Arthritis a plague of the aged. Does it mean that young people are safe from suffering this illness?
Arthritis is a condition that causes inflammation of the joints and can affect anyone from young children to aged. It is typically characterized by joint pain and stiffness that make movement painful and difficult, though newer treatment options have helped many patients deal more effectively with symptoms. Additionally, joint health can often be improved with exercise, medication, and the right lifestyle habits.
WHAT CAUSES ARTHRITIS?
Cartilage is a firm but flexible connective tissue in your joints. It protects the joints by absorbing the pressure and shock created when you move and put stress on them. A reduction in the normal amount of this cartilage tissue cause some forms of arthritis.
Normal wear and tear causes OA, one of the most common forms of arthritis. An infection or injury to the joints can exacerbate this natural breakdown of cartilage tissue. Your risk of developing OA may be higher if you have a family history of the disease.
Another common form of arthritis, RA, is an autoimmune disorder. It occurs when your body’s immune system attacks the tissues of the body. These attacks affect the synovium, a soft tissue in your joints that produces a fluid that nourishes the cartilage and lubricates the joints.
RA is a disease of the synovium that will invade and destroy a joint. It can eventually lead to the destruction of both bone and cartilage inside the joint.
The exact cause of the immune system’s attacks is unknown. But scientists have discovered genetic markers that increase your risk of developing RA fivefold.
THERE ARE DIFFERENT TYPES OF ARTHRITIS:
Osteoarthritis is the most common type of arthritis. When the cartilage – the slick, cushioning surface on the ends of bones – wears away, bone rubs against bone, causing pain, swelling and stiffness. Over time, joints can lose strength and pain may become chronic. Risk factors include excess weight, family history, age and previous injury (an anterior cruciate ligament, or ACL, tear, for example).
When the joint symptoms of osteoarthritis are mild or moderate, they can be managed by:
- balancing activity with rest
- using hot and cold therapies
- regular physical activity
- maintaining a healthy weight
- strengthening the muscles around the joint for added support
- using assistive devices
- taking over-the-counter (OTC) pain relievers or anti-inflammatory medicines
- avoiding excessive repetitive movements
If joint symptoms are severe, causing limited mobility and affecting quality of life, some of the above management strategies may be helpful, but joint replacement may be necessary.
Osteoarthritis can prevented by staying active, maintaining a healthy weight, and avoiding injury and repetitive movements.
A healthy immune system is protective. It generates internal inflammation to get rid of infection and prevent disease. But the immune system can go awry, mistakenly attacking the joints with uncontrolled inflammation, potentially causing joint erosion and may damage internal organs, eyes and other parts of the body. Rheumatoid arthritis and psoriatic arthritis are examples of inflammatory arthritis. Researchers believe that a combination of genetics and environmental factors can trigger autoimmunity. Smoking is an example of an environmental risk factor that can trigger rheumatoid arthritis in people with certain genes.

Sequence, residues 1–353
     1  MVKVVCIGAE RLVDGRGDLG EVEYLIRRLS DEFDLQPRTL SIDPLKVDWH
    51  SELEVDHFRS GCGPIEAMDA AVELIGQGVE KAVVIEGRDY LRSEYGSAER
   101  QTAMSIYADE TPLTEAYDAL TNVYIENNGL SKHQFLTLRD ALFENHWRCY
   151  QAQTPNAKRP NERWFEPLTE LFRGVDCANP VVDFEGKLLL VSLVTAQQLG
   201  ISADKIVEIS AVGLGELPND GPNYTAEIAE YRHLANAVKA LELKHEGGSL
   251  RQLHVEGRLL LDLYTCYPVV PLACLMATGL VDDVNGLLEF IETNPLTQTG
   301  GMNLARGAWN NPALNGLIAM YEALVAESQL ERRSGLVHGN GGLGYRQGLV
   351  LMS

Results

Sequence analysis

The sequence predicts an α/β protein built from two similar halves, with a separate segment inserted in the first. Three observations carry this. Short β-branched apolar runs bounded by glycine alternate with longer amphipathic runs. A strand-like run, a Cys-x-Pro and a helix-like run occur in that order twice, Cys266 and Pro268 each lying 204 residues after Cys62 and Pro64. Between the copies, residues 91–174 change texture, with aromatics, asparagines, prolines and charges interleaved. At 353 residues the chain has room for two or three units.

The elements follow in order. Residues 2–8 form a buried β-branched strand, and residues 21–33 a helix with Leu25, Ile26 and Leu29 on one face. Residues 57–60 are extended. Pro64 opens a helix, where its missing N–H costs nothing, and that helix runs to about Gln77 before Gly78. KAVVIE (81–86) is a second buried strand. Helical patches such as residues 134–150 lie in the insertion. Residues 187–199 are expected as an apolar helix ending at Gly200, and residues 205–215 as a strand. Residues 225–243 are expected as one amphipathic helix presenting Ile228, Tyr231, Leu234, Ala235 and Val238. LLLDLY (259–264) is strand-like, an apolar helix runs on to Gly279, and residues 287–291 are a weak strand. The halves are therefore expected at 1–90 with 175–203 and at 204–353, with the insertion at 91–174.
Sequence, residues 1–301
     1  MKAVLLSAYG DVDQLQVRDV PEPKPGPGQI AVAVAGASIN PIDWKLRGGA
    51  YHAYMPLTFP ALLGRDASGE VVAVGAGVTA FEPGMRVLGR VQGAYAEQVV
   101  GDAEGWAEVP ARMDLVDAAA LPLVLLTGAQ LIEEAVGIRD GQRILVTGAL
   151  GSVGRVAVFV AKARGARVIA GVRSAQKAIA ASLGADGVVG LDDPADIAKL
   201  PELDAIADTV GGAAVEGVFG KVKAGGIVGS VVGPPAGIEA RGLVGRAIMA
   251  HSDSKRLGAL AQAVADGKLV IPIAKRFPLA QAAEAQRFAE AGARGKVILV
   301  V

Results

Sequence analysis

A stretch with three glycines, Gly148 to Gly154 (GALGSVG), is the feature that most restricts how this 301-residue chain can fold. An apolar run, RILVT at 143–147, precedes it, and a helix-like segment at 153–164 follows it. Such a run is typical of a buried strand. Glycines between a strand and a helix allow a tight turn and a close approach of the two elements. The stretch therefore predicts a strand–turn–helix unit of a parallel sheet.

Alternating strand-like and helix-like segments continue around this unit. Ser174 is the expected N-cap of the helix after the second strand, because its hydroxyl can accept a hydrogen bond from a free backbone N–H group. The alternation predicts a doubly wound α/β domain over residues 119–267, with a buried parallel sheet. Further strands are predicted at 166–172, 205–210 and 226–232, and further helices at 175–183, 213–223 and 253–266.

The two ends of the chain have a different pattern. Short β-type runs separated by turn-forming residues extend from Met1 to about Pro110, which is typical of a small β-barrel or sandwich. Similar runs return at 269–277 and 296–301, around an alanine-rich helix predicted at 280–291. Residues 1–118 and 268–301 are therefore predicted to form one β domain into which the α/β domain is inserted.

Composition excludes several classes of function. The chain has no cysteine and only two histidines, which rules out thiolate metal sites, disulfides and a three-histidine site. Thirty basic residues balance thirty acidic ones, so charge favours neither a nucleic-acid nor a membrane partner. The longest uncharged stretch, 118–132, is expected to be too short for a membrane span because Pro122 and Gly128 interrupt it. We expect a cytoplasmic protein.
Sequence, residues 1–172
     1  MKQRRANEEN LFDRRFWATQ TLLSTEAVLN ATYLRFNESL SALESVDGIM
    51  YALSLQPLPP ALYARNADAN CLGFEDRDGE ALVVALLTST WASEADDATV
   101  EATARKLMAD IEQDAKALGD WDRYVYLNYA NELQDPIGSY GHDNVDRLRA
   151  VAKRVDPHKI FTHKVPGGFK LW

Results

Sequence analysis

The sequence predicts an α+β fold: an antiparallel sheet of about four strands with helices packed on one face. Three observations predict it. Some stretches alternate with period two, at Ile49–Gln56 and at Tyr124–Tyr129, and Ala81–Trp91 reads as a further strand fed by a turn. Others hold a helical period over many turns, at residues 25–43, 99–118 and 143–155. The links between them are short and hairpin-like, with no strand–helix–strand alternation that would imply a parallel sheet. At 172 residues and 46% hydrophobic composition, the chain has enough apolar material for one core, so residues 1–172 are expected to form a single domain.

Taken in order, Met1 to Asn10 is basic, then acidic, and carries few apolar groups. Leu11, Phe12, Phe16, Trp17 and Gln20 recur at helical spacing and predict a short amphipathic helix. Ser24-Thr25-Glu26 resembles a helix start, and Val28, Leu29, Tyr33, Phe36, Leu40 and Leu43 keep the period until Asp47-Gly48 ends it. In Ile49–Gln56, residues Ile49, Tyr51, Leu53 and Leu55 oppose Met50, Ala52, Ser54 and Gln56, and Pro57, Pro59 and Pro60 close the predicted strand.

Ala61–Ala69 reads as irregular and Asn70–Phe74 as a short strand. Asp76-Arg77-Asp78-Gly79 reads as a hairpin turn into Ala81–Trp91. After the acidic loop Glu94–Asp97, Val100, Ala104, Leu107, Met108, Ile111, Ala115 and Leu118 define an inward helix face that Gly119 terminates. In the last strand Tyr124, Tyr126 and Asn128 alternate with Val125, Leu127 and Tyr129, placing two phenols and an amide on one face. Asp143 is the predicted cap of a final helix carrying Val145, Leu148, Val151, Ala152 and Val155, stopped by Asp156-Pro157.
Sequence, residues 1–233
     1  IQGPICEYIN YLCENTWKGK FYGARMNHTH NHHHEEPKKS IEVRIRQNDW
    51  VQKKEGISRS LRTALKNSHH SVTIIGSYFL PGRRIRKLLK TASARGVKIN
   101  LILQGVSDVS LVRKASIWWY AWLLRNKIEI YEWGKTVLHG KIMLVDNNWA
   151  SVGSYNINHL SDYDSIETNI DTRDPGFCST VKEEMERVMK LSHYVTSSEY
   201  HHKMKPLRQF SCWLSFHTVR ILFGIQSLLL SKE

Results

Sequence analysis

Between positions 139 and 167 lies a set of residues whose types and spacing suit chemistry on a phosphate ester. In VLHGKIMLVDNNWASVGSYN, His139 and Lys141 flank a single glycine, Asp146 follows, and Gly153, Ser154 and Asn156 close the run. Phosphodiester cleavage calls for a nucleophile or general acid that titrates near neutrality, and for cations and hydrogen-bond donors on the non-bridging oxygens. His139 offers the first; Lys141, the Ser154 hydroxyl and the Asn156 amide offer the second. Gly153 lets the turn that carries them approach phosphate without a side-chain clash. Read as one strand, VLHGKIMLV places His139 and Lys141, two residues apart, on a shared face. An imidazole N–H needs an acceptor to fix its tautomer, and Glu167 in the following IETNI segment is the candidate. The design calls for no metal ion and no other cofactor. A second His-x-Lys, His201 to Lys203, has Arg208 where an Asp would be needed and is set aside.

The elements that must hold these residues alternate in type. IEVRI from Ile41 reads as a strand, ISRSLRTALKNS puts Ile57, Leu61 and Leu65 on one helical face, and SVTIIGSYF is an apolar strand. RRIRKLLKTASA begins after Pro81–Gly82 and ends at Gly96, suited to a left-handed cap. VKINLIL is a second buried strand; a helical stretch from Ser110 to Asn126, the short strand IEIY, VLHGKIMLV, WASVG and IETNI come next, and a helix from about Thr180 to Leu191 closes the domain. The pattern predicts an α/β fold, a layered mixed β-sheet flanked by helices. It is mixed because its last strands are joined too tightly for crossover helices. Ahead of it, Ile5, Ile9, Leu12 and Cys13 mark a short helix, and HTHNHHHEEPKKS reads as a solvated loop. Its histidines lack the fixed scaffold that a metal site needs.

With autoimmune and inflammatory types of arthritis, early diagnosis and aggressive treatment is critical. Slowing disease activity can help minimize or even prevent permanent joint damage. Remission is the goal and may be achieved through the use of one or more medications known as disease-modifying antirheumatic drugs (DMARDs). The goal of treatment is to reduce pain, improve function, and prevent further joint damage.
A bacterium, virus or fungus can enter the joint and trigger inflammation. Examples of organisms that can infect joints are salmonella and shigella (food poisoning or contamination), chlamydia and gonorrhea (sexually transmitted diseases) and hepatitis C (a blood-to-blood infection, often through shared needles or transfusions). In many cases, timely treatment with antibiotics may clear the joint infection, but sometimes the arthritis becomes chronic.
Uric acid is formed as the body breaks down purines, a substance found in human cells and in many foods. Some people have high levels of uric acid because they naturally produce more than is needed or the body can’t get rid of the uric acid quickly enough. In some people the uric acid builds up and forms needle-like crystals in the joint, resulting in sudden spikes of extreme joint pain, or a gout attack. Gout can come and go in episodes or, if uric acid levels aren’t reduced, it can become chronic, causing ongoing pain and disability.